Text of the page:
Intrathoracic versus cervical anastomosis after resection of esophageal cancer: a matched pair analysis of 72 patients in a single center study

World J Surg Oncol. 2012 Aug 6;10:159. doi: 10.1186/1477-7819-10-159.

Abstract

Background: The aim of this study was to analyze the early postoperative outcome of esophageal cancer treated by subtotal esophageal resection, gastric interposition and either intrathoracic or cervical anastomosis in a single center study.

Methods: 72 patients who received either a cervical or intrathoracic anastomosis after esophageal resection for esophageal cancer were matched by age and tumor stage. Collected data from these patients were analyzed retrospectively regarding morbidity and mortality rates.

Results: Anastomotic leakage rate was significantly lower in the intrathoracic anastomosis group than in the cervical anastomosis group (4 of 36 patients (11%) vs. 11 of 36 patients (31%); p = 0.040). The hospital stay was significantly shorter in the intrathoracic anastomosis group compared to the cervical anastomosis group (14 (range 10-110) vs. 26 days (range 12 - 105); p = 0.012). Wound infection and temporary paresis of the recurrent laryngeal nerve occurred significantly more often in the cervical anastomosis group compared to the intrathoracic anastomosis group (28% vs. 0%; p = 0.002 and 11% vs. 0%; p = 0.046). The overall In-hospital mortality rate was 6% (4 of 72 patients) without any differences between the study groups.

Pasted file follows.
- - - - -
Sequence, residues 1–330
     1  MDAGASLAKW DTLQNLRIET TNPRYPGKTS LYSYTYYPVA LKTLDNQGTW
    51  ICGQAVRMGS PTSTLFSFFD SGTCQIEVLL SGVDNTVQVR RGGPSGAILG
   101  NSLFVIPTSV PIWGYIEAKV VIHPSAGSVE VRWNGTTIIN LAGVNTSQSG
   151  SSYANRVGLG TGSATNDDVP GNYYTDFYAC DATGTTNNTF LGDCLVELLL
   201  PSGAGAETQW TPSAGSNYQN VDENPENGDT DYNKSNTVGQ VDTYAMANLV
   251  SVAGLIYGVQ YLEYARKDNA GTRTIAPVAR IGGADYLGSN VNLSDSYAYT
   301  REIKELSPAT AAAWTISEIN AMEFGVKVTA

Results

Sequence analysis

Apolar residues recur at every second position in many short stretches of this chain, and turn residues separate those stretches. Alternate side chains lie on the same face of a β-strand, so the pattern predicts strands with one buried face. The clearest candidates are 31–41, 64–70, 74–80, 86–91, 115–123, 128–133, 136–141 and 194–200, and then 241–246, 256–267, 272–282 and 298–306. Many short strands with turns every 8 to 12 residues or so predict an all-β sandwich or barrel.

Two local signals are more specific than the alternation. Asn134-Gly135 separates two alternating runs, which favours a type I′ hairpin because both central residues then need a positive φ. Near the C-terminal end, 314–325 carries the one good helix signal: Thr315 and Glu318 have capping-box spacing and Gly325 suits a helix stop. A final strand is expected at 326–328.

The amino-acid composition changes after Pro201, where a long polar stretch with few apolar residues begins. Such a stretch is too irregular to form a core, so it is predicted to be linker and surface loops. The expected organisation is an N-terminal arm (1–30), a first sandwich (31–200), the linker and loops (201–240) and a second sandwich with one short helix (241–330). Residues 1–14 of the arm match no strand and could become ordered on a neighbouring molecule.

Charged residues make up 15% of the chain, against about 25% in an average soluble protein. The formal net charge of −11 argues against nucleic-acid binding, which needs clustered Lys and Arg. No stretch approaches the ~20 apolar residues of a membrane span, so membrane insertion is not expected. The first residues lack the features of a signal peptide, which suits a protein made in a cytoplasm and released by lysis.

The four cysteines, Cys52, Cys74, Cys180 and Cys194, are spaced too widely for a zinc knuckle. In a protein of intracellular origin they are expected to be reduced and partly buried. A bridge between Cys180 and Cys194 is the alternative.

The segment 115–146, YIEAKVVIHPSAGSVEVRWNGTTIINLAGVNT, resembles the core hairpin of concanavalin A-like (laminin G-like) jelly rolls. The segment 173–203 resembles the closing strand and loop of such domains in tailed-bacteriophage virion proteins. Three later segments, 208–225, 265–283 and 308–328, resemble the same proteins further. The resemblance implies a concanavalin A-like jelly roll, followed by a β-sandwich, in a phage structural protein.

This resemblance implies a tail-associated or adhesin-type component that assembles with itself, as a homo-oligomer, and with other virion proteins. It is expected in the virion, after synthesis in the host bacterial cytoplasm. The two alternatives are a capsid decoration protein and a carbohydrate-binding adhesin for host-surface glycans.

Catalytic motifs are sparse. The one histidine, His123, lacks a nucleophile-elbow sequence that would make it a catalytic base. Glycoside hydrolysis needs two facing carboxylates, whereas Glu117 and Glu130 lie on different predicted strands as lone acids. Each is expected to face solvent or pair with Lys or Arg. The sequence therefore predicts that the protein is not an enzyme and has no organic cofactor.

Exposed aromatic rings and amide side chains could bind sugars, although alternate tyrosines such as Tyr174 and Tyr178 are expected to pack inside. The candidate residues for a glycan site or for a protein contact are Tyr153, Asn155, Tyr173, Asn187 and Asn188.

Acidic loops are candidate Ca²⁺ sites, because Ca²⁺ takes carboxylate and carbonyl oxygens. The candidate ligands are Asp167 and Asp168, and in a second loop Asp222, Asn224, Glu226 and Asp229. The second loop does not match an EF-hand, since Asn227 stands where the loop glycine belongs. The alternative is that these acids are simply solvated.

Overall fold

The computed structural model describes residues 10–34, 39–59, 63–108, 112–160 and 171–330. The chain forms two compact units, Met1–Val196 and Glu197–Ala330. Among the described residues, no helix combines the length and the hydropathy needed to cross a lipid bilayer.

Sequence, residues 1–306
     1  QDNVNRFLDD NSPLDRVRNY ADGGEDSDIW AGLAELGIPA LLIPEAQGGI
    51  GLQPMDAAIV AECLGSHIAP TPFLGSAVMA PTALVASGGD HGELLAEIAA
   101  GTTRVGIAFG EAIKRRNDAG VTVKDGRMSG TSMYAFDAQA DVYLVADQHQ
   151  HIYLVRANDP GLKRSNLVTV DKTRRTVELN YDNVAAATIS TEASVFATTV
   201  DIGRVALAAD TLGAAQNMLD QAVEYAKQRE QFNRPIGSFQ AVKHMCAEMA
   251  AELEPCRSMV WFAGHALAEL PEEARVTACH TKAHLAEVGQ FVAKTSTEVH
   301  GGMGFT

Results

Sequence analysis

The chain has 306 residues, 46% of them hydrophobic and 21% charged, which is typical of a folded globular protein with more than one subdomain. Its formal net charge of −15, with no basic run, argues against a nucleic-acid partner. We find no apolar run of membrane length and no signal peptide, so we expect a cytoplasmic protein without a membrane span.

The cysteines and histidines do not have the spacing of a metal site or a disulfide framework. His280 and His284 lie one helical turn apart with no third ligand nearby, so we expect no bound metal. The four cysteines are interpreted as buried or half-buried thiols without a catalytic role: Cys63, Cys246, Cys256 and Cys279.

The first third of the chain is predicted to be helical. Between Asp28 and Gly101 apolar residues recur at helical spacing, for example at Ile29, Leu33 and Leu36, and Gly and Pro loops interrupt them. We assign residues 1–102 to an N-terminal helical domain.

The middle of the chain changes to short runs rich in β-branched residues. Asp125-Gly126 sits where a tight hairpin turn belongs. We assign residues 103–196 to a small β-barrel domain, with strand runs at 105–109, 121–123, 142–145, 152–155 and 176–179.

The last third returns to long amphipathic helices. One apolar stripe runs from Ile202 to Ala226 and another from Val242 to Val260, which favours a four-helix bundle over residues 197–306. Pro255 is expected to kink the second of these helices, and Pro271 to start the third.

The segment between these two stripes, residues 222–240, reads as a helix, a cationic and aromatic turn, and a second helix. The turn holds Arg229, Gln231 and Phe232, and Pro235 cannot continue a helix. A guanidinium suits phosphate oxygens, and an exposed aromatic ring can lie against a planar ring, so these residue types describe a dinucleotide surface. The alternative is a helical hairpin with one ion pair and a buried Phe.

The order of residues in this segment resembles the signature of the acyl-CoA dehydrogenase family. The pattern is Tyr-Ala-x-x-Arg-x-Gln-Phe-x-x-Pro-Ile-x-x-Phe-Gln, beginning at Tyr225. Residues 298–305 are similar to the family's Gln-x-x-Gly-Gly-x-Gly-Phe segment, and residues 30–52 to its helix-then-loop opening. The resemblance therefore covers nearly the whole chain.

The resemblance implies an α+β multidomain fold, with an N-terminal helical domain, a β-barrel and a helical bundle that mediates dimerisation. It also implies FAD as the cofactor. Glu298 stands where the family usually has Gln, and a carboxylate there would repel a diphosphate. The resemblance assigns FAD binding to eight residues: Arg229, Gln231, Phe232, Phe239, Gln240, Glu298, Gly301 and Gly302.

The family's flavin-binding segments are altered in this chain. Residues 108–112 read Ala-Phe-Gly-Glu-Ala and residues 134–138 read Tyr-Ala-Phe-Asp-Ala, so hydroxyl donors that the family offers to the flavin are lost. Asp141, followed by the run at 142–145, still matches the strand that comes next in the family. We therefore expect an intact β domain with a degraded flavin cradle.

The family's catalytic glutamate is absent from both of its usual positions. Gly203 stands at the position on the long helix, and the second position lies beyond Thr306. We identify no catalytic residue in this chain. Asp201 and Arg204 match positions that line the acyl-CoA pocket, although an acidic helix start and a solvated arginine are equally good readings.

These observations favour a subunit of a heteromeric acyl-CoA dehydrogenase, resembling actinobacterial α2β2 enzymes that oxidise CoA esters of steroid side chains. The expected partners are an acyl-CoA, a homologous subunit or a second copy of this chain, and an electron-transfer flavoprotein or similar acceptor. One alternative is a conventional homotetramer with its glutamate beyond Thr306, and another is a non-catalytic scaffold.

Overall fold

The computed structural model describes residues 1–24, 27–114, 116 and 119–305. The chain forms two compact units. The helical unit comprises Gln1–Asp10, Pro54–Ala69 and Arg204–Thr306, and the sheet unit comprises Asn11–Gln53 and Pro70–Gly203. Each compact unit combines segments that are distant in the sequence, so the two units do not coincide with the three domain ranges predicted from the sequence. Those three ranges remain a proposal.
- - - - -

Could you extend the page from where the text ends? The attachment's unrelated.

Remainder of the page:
Conclusions: The present data support the assumption that the transthoracic approach with an intrathoracic anastomosis compared to a cervical esophagogastrostomy is the safer and more beneficial procedure in patients with carcinoma of the lower and middle third of the esophagus due to a significant reduction of anastomotic leakage, wound infection, paresis of the recurrent laryngeal nerve and shorter hospital stay.

Publication types

  • Clinical Trial
  • Comparative Study

MeSH terms

  • Adenocarcinoma / pathology
  • Adenocarcinoma / surgery*
  • Anastomosis, Surgical / methods*
  • Carcinoma, Squamous Cell / pathology
  • Carcinoma, Squamous Cell / surgery*
  • Esophageal Neoplasms / pathology
  • Esophageal Neoplasms / surgery*
  • Esophagectomy*
  • Female
  • Hospital Mortality
  • Humans
  • Male
  • Matched-Pair Analysis
  • Middle Aged
  • Neoplasm Grading
  • Neoplasm Staging
  • Postoperative Complications*
  • Prospective Studies
  • Retrospective Studies
  • Survival Rate